Thankfully, Odin’s operation went on to be a complete success. The evening after the surgery, I went to see him in the wards and gave him a cuddle as I contemplated just how close we had both come to death and feeling very grateful for second chances.
The malpractice accusation finally concluded in January this year. While the Preliminary Investigation Committee felt euthanasia for Hermes should have been recommended as the best option, it acknowledged there was no realistic possibility of proving that Noel had not communicated with other veterinary surgeons to ensure Hermes’s health and welfare. It did not consider that Noel’s conduct fell so far below the standard as to constitute serious professional misconduct. They closed the case.
This is an edited extract from How Animals Saved My Life: Being the Supervet by Noel Fitzpatrick, which will be published on 29 October by Trapeze, price £20. Order a copy for £10 until 1 November at whsmith.co.uk by entering code YOUNOEL at checkout. Book number: 9781409183792. terms and conditions: whsmith.co.uk/terms.
Mother taking on Britain’s biggest gender clinic in landmark court battle to prevent them injecting her autistic daughter, 16, with sex-change drugs says she wants to prevent youngsters making ‘catastrophic’ decisions
A mother taking a gender clinic to court to prevent it giving sex-change drugs to her autistic daughter says she wants to prevent youngsters making ‘catastrophic’ decisions that they live to regret.
The woman, who can only be called ‘Mrs A’ for legal reasons, fears her 16-year-old daughter will be fast-tracked for transgender medical treatment once she is seen by clinicians at the Gender Identity Development Service in London.
She says they will simply ‘affirm’ the girl’s belief – mistaken in her mother’s opinion – that she is really a boy. In reality, Mrs A believes her daughter’s desire to be male is driven by having Asperger’s syndrome, a mild form of autism.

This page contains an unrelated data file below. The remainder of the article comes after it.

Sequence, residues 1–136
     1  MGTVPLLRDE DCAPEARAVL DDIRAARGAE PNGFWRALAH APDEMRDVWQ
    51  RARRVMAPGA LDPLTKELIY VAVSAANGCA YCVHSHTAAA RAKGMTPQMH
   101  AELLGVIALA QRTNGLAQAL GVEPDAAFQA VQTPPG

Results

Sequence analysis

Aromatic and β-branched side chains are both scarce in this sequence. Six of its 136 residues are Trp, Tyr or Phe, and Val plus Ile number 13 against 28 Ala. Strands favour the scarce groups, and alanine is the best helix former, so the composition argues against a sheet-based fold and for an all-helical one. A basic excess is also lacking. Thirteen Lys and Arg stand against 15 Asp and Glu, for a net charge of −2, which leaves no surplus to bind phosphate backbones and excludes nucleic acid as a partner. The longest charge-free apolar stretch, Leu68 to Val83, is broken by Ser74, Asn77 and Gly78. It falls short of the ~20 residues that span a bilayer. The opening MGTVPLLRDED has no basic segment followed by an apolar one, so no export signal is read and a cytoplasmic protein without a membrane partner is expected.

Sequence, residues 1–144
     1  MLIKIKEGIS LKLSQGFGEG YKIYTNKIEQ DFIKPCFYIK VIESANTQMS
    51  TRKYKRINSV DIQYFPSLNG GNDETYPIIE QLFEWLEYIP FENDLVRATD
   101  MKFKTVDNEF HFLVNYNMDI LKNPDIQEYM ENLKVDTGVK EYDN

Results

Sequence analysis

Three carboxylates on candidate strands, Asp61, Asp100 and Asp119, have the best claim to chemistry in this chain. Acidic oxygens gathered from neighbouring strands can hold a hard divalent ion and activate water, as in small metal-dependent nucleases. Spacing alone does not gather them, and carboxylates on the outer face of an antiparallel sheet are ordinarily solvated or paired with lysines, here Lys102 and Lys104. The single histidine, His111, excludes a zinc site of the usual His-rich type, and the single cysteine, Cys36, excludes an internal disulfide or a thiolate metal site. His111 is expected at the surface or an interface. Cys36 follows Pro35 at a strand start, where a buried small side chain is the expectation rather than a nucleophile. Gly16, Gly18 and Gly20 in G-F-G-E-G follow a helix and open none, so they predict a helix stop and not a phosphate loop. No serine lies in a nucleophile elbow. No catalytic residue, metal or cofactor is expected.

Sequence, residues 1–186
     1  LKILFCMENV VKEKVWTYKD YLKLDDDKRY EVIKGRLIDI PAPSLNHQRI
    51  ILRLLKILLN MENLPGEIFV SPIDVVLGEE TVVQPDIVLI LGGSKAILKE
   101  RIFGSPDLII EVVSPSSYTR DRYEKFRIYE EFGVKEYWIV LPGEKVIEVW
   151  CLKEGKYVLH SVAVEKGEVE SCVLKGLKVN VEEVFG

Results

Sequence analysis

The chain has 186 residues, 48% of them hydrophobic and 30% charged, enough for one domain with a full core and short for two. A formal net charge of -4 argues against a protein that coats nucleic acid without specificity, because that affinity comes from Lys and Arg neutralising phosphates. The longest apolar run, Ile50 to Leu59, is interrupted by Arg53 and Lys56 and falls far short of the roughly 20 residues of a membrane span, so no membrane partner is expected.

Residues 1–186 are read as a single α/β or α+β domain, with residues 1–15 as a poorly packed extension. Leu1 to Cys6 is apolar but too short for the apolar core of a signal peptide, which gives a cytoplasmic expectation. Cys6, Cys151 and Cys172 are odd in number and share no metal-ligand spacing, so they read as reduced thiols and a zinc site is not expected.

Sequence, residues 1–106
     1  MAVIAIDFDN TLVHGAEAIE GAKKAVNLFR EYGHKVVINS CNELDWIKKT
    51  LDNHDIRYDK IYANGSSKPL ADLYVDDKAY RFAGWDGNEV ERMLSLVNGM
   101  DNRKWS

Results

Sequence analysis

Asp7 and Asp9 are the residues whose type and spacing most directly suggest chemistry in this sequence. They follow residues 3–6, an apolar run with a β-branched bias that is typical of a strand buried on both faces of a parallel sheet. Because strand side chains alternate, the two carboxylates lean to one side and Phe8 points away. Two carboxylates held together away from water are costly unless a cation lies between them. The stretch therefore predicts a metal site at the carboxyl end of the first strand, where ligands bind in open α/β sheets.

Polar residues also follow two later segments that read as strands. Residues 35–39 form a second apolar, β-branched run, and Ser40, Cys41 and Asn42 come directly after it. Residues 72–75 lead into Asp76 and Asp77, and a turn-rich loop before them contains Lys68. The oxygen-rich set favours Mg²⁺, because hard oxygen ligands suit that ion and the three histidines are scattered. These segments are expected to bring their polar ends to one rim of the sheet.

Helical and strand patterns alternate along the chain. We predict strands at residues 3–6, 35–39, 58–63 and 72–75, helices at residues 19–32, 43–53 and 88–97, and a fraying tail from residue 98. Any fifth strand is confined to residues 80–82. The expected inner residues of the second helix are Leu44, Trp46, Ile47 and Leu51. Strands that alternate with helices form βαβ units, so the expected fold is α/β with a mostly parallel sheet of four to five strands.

The woman, who can only be called ‘Mrs A’ for legal reasons, fears her 16-year-old daughter will be fast-tracked for transgender medical treatment once she is seen by clinicians at the Gender Identity Development Service in London
‘This is bigger than just my child. The whole narrative is that if your child is confused about their gender, then transition is the only course of action,’ she told The Mail on Sunday.
‘There doesn’t seem to be any discussion of other possibilities. And that’s quite frightening.’
The married, middle-aged mother thinks gender experts have no real idea which of their young patients are ‘truly’ transgender and which are going through a phase. She believes they are too ready to accept what the youngsters tell them at face value.
‘The consequences of them getting it wrong are catastrophic,’ she added.
The other applicant in the case – which will be heard this week – is IT engineer Keira Bell. The 23-year-old was put on puberty blockers as a teenager after telling GIDS staff she thought she was really male
In July 2018, the MoS revealed that 150 autistic children had been given the ‘puberty blocker’ drugs by GIDS.
Mrs A is one of two women taking the Tavistock and Portman NHS Foundation Trust, which runs GIDS, to the High Court to stop it prescribing the powerful ‘puberty blocker’ drugs to those under the age of 18.
The medication halts a child’s normal physical development during puberty, making sex-change surgery easier.
Some experts say they give children time to reflect on whether to press ahead with further treatment. But studies show the vast majority of those who take them move on to ‘cross-sex hormones’ such as testosterone for those born female.